Galadriel Hovel-Miner, PhD
Galadriel Hovel-Miner graduated with a BS in Microbiology from the University of Montana in 2000. During her graduate studies in the laboratory of Dr. Howard Shuman at Columbia University in New York, she investigated the transcriptional regulation of Legionella pneumophila and identified critical regulatory pathways required for its intracellular growth. After receiving her PhD in Microbiology, Immunology and Infection in 2009, Dr. Hovel-Miner performed postdoctoral studies at Rockefeller University, analyzing antigenic variation in African trypanosomes. She showed that telomere length has an inverse correlation with the formation of DNA breaks that initiate antigenic variation. More recently, her work has demonstrated that a specific DNA repeat is required for selection of surface antigen encoding genes.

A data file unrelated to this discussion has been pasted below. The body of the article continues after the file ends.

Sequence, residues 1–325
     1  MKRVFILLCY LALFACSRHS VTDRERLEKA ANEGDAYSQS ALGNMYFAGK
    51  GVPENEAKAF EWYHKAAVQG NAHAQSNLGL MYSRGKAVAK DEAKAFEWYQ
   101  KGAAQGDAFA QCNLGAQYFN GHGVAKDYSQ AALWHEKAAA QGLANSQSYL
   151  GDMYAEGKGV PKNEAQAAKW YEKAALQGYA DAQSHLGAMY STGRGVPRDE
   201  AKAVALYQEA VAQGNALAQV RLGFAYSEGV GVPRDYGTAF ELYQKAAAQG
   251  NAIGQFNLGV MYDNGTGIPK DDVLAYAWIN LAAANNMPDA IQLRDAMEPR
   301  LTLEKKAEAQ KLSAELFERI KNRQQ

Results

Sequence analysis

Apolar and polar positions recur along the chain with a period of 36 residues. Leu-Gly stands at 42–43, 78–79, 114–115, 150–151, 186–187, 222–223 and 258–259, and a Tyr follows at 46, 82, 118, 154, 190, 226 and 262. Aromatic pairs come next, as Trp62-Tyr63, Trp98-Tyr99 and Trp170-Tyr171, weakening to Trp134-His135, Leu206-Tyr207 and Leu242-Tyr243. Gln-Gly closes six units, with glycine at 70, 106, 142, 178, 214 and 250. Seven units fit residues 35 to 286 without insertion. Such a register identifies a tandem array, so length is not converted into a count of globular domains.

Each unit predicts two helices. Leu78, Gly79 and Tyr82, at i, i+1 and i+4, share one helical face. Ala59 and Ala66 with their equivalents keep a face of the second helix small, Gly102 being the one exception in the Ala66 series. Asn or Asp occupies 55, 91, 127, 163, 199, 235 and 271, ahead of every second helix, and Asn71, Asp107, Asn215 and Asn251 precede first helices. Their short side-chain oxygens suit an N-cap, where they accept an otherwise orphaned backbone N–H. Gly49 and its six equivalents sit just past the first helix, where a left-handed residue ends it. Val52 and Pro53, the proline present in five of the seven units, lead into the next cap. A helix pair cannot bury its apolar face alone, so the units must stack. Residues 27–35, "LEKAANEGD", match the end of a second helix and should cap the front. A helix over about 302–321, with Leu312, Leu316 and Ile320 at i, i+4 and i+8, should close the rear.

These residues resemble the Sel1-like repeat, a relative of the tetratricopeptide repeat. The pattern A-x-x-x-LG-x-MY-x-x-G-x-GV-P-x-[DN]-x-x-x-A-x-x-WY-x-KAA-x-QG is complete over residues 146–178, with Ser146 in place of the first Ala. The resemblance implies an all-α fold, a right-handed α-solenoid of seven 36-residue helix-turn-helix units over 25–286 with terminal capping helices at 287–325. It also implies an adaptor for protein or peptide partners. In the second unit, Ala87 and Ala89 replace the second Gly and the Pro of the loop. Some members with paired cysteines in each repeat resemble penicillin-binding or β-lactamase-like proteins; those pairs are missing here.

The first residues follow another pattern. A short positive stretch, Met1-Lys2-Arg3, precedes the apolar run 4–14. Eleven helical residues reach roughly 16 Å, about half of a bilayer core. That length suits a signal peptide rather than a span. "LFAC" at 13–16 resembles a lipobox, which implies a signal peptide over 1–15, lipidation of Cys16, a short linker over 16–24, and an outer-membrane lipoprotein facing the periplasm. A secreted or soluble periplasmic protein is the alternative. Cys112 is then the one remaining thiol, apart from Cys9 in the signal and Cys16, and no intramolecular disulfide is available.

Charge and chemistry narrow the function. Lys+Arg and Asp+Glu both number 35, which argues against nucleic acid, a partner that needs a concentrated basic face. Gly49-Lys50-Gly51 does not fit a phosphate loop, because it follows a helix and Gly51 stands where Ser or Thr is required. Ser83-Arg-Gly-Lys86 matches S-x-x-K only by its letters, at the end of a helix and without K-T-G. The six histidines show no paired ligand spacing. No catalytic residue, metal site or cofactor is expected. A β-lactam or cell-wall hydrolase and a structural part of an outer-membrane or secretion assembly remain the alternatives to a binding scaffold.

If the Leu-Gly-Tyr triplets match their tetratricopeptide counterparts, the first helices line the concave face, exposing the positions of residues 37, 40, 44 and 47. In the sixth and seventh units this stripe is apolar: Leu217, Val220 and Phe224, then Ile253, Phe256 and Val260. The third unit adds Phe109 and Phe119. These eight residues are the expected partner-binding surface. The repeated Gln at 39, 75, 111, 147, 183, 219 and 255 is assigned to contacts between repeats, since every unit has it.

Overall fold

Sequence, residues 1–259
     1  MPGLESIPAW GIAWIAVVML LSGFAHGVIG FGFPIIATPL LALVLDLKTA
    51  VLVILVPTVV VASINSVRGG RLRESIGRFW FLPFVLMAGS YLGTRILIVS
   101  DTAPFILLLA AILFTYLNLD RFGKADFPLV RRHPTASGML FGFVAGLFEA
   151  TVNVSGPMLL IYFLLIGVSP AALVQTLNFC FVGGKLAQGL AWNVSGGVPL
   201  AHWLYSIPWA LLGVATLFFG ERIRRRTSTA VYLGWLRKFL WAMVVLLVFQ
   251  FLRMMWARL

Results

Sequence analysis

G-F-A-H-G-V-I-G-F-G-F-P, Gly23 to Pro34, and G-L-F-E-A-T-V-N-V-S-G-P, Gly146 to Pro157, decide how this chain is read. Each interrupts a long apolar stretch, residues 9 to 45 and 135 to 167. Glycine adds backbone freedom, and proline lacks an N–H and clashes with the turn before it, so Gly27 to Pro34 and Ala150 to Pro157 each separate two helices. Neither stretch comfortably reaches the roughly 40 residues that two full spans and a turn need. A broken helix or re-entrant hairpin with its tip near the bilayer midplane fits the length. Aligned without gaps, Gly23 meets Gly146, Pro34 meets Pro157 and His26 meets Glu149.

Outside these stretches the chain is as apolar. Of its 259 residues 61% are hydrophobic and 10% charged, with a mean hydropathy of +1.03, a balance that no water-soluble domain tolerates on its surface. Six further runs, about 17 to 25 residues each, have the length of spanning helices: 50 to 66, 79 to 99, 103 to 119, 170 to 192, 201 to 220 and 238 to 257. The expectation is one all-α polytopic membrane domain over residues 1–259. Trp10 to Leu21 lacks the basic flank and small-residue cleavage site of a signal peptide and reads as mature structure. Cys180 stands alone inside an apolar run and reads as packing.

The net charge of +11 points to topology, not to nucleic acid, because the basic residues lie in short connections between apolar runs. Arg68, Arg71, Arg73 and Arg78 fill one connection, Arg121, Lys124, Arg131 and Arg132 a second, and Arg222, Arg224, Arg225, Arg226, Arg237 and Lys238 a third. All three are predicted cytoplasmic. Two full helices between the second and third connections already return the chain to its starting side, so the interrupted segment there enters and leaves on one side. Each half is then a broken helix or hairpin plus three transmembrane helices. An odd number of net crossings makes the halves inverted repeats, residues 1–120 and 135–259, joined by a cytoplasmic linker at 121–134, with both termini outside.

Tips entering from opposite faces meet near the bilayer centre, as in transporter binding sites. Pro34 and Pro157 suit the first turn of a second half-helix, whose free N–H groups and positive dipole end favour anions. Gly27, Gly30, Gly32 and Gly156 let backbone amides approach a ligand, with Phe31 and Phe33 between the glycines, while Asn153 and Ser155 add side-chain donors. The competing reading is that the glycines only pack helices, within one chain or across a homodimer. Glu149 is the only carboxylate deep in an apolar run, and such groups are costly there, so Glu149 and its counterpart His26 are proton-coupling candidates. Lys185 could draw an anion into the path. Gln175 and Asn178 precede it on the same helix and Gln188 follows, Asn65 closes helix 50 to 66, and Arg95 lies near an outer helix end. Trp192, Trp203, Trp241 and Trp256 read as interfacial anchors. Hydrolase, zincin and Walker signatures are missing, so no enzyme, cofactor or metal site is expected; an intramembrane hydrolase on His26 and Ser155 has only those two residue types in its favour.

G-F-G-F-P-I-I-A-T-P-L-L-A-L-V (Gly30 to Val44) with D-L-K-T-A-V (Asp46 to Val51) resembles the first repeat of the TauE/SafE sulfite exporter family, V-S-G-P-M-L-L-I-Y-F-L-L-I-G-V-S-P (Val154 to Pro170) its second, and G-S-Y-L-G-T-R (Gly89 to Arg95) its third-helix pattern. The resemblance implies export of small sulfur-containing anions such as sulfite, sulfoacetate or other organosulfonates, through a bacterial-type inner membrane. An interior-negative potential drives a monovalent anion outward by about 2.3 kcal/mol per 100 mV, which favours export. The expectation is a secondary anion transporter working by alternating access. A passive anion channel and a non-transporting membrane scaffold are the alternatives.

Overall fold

Dr. Hovel-Miner joined the Department of Microbiology, Immunology and Tropical Medicine as an Assistant Professor in December 2015, where she is now establishing an independent research program to uncover the molecular basis of antigenic variation and identify mechanisms that can be exploited as drug targets for the development of treatments for neglected tropical diseases.